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Philemon Third Sermon to the Dead
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Red Book

Colossus of Rhodes

And Philemon stepped forward and began to speak (and this is the third sermon to the dead):

Abraxas  is the God who is difficult to grasp. His power is greatest, because man does not see it. From the sun he draws the summum bonum; from the devil the infinum malum; but from Abraxas LIFE, altogether indefinite, the mother of good and evil. “Life seems to be smaller and weaker than the summum bonum; therefore it is also hard to conceive that Abraxas’s power transcends even the sun’s, which is the radiant source of all vital force.

‘ Abraxas is the sun, and at the same time the eternally sucking gorge of emptiness, of the diminisher and dismemberer, of the devil.

The power of Abraxas is twofold; but you do not see it, because in your eyes the warring opposites of this power are canceled out.

“What the Sun God speaks is life, what the devil speaks is death. “But Abraxas speaks that hallowed and accursed word that is at once life and death.

‘ Abraxas  produces truth and lying, good and evil, light and darkness, in the same word and in the same act. Therefore Abraxas is terrible.

“He is as splendid as the lion in the instant he strikes down his
victim. He is as beautiful as a spring day.
“He is the great and the small Pan alike.
“He is Priapos.
“He is the monster of the underworld, a thousand-armed
polyp, a coiled knot of winged serpents, frenzy.
“He is the hermaphrodite of the earliest beginning.
“He is the lord of toads and frogs, which live in the water
and go up on the land, whose chorus ascends at noon and
at midnight.
“He is the fullness that seeks union with emptiness.
“He is holy begetting,
“He is love and its murder,
“He is the saint and his betrayer,
“He is the brightest light of day and the darkest night of madness.
“To look upon him, is blindness.
“To recognize him is sickness.
“To worship him is death.
“To fear him is wisdom.
“Not to resist him is redemption.
“God dwells behind the sun, the devil behind the night. What God brings forth out of the light, the devil sucks into the night.

But Abraxas is the world, its becoming and its passing. Upon every gift that comes from the sun god the devil lays his curse.

“Everything that you request from the Sun God produces a deed from the devil. Everything that you create with the Sun God gives effective power to the devil.

“That is terrible Abraxas.
“He is the mightiest created being and in him creation is
afraid of itself
“He is the manifest opposition of creation to the Pleroma and
its nothingness.
“He is the son’s horror of the mother.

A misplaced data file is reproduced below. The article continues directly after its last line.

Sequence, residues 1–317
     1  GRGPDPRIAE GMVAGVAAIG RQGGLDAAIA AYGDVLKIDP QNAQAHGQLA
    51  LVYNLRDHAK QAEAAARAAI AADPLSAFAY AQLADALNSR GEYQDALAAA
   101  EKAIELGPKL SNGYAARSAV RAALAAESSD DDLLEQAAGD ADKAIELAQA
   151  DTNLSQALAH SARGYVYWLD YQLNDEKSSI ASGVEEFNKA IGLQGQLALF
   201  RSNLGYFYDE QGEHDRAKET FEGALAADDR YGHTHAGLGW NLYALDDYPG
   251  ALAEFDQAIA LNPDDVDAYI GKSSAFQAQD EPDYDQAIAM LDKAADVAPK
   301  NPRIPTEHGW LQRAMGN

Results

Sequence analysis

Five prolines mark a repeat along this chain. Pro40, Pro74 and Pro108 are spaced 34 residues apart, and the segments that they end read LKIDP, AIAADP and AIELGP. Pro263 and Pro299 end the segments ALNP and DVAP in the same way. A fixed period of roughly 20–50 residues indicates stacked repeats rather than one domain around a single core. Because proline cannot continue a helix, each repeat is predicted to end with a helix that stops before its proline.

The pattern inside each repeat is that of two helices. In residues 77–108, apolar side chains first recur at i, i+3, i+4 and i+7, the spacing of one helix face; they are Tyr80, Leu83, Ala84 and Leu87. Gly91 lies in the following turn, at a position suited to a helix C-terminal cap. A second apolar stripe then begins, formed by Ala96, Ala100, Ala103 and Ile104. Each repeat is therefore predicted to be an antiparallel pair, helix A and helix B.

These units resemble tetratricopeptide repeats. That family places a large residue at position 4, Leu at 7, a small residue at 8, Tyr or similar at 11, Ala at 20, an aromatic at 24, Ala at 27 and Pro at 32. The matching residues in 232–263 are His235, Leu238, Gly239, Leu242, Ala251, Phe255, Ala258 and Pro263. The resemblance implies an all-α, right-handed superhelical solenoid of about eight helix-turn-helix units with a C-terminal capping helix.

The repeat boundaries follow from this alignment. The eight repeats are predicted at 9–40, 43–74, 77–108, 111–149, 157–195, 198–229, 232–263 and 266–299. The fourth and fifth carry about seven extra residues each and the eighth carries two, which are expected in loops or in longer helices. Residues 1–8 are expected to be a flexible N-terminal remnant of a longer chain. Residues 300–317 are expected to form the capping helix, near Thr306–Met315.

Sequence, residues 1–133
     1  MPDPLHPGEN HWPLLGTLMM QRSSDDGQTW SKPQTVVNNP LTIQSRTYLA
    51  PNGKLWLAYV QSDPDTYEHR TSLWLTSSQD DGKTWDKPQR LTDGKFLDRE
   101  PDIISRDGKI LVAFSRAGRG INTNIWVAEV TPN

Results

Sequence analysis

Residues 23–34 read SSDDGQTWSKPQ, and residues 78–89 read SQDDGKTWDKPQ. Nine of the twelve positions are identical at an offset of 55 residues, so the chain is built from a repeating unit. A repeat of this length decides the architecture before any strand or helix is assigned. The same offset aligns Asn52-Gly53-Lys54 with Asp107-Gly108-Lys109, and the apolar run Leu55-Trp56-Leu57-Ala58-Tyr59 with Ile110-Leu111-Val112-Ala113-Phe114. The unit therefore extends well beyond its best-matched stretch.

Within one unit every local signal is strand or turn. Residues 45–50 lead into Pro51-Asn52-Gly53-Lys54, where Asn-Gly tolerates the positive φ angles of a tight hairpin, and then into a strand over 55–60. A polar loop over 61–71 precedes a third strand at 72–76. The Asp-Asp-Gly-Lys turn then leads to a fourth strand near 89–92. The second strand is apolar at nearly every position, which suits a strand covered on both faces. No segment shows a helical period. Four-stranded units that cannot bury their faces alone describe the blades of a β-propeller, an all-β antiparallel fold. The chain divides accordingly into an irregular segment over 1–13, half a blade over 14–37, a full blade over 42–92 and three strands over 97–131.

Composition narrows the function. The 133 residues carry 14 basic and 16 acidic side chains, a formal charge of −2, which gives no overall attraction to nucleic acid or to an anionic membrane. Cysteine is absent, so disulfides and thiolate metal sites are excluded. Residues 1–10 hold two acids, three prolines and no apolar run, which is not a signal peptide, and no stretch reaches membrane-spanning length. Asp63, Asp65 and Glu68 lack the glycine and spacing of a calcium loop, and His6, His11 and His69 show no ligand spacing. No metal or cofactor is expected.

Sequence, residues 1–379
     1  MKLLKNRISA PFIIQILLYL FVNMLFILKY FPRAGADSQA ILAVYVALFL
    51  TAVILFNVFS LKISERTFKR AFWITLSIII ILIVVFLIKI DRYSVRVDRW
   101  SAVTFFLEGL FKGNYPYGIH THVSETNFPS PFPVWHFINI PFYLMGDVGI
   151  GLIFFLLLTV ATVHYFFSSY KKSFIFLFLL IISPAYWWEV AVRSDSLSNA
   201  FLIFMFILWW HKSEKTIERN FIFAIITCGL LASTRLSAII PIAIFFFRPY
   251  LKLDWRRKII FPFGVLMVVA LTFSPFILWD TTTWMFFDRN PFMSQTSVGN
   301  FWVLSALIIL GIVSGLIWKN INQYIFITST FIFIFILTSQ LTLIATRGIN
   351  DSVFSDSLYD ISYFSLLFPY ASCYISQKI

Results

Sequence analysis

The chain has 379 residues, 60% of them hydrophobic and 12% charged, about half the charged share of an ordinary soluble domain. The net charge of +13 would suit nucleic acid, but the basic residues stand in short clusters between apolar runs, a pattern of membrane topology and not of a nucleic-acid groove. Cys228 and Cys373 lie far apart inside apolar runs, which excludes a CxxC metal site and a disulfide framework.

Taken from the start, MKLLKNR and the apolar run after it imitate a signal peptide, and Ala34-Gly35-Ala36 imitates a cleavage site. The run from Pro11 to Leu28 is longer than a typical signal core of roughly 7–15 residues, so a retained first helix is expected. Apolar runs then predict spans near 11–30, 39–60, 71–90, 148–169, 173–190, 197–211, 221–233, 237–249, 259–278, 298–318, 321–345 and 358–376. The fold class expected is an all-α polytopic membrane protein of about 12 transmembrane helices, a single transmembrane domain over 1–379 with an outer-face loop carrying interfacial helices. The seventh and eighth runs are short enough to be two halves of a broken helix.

He is the mother’s love for the son.
He is the delight of the earth and the cruelty of the heavens.
At his sight man’s face congeals.
Before him there is no question and no reply.
He is the life of creation.
He is the effect of differentiation.
He is the love of man.
He is the speech of man.
He is the appearance and the shadow of man.
He is deceptive reality.”

Now the dead howled and raged, for they were incomplete.

But when their noisy cries had faded away; I said to Philemon:

“How, Oh my father, should I understand this God?”

Philemon answered and said: “My son, why do you want to understand him? This God is to be known but not understood. If you understand him, then you can say that he is this or that and this and not that. Thus you hold him in the hollow of your hand and therefore your hand must throw him away. The God whom I know is this and that and just as much this other and that other. Therefore no one can understand this God, but it is possible to know him, and therefore I speak and teach him.”

“But,” I retorted, “does this God not bring despairing confusion into the minds of men?”

To this Philemon said, “These dead rejected the order of unity and community since they rejected the belief in the father in Heaven who ruled with just measure. They had to reject him.

Therefore I teach them the chaos that is without measure and utterly boundless, to which justice and injustice, leniency and severity; patience and anger, love and hate, are nothing. For how can I teach anything other than the God whom I know and whom they know, without being conscious of him?”

I replied, “Why; Oh solemn one, do you call the eternally incomprehensible, the cruel contradictoriness of nature, God?”

Philemon said, “How should I name it otherwise? If the overpowering essence of events in the universe and in the hearts of men were law, I would call it law. Yet it is also no law, but chance, irregularity; sin, error, stupidity; carelessness, folly; illegality. Therefore I cannot call it law. You know that this must be so, and at the same time you know that it did not have to be so and that at some other time it will not be so. It is overpowering

Carl Jung, The Red Book, Scrutinies, Pages 350 – 351.

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